In November 2003, the Feds acknowledged that the Culberston Tract was never surrendered and is Mohawk Land. They then tried for several years to get Tyendinaga to take a buy-out for the land. The people of Tyendinaga repeatedly refused.

The town of Deseronto falls in the middle of the Culberston claim. The Mayor of Deseronto said that the town’s economic viability and survival depends on the development of Culbertson tract lands and began promoting the land for condos and townhouses late last year. Tyendinaga’s Rotiskenhrakehte successfully stopped development of these lands and the developer publicly abandoned plans for a 30 million dollar project.

However, Thurlow Aggregates continues to operate a Gravel Quarry on Culberston Tract lands. Despite the fact that Tyendinaga has requested its licence be revoked given ongoing negotiations, the Ontario Ministry of Natural Resources continues to license the quarry for the removal of 150,000 tons of gravel annually. Federal negotiations are clearly in bad faith as they choose to ignore the 850 plus truckloads of Tyendinaga land that are removed every month. In January 2007, Tyendinaga’s Rotiskenhrakehte gave the quarry operator 60 days notice to stop selling off Mohawk land. The time for voluntary closure has lapsed and Tyendinaga has now assumed the burden of closing the gravel pit.

FOR IMMEDIATE RELEASE: Illegal Dumping Uncovered at Quarry Situated On Mohawk Land

Thursday, April 5th, 2007: Evidence of extensive illegal dumping – including large amounts of asphalt – has been found by the Mohawks of Tyendinaga. This discovery was made at the Thurlow Aggregates quarry site, occupied by the Mohawks for the past two weeks. The quarry is situated within the Culbertson Tract, land that is currently under Claim and that the Government has acknowledged rightfully belongs to the Mohawk community of Tyendinaga.

Three days ago, Band Council environment officials were alerted to the situation, documented the disturbing findings, and advised the Province of Ontario’s Ministry of Natural Resources. This Ministry is also responsible for quarry and aggregate licensing, and has until now refused to comment on the demand that Thurlow Aggregates have its licence revoked pending the ongoing land claim negotiations between the Mohawk community and the Canadian government.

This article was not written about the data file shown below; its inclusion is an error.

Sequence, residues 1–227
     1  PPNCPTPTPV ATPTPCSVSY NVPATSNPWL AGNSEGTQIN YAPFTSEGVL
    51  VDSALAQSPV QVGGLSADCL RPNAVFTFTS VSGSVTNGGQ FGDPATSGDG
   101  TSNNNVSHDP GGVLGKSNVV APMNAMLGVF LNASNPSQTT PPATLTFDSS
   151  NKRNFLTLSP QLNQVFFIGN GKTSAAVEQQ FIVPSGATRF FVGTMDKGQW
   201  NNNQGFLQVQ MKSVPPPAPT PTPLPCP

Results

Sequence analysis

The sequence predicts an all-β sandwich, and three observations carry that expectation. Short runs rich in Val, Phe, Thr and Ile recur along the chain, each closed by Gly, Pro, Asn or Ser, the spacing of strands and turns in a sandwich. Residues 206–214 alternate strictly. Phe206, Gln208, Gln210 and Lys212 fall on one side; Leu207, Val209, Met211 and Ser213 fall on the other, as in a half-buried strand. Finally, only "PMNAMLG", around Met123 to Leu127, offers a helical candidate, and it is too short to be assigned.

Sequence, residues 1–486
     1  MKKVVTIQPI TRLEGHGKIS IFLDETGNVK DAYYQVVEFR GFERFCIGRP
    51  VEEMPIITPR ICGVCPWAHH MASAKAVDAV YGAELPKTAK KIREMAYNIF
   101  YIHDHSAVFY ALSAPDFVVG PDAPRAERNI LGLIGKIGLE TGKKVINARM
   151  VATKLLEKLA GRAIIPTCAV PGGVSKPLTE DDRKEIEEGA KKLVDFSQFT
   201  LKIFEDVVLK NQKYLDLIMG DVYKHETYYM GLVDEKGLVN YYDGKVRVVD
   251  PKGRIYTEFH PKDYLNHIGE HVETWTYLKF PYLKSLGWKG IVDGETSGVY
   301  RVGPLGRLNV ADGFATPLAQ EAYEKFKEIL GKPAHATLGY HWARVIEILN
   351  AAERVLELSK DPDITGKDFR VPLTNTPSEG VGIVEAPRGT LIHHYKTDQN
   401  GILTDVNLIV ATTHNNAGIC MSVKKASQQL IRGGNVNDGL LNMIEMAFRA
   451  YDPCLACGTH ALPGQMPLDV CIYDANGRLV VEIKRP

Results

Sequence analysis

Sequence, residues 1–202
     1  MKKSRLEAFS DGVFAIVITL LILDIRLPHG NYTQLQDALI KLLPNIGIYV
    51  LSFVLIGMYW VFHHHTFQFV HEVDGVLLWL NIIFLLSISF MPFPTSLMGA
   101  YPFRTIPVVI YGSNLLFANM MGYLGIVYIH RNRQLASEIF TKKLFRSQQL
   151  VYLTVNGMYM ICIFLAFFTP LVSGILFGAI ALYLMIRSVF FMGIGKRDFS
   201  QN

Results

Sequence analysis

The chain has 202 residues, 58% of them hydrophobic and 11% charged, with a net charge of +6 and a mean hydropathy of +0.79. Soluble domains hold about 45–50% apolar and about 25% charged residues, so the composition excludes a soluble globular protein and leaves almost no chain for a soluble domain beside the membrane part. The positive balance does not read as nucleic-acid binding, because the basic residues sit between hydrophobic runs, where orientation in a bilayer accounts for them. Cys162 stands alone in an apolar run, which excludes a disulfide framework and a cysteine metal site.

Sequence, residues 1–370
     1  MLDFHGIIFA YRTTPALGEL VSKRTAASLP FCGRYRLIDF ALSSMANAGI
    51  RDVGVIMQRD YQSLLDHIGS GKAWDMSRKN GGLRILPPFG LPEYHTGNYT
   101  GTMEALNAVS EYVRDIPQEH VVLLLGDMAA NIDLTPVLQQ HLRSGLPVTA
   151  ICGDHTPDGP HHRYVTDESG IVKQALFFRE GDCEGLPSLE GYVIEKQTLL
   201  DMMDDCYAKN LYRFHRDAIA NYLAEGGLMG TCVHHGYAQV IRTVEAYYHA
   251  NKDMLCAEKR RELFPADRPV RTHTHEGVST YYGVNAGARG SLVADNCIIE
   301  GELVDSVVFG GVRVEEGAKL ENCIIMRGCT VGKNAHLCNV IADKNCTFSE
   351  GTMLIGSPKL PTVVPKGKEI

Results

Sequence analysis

The District Manager of the Ministry of Natural Resources, Jane Ireland, of the Peterborough MNR, is expected at the quarry at 12:00 noon today. The Mohawks have said that she will be granted access to the site to view and document the dumping.

“The minister’s office cannot claim it didn’t know. It would be obvious to any inspector what was going on here, including open burning of hazardous materials like industrial batteries, construction waste and oil filters,” said Mohawk Jay Maracle.

“It is now becoming clear why (Minister of Natural Resources) David Ramsay didn’t want to revoke the quarry licence. The Province was using it to dump large amounts of Provincial Highway pavement instead of properly disposing of it,” said spokesman Shawn Brant. “Now, they are responsible for a local environmental catastrophe.”

Press Inquiries, contact: Shawn Brant, Tyendinaga, 613. 391.4055

Follow this link to listen to an interview with Shawn Brant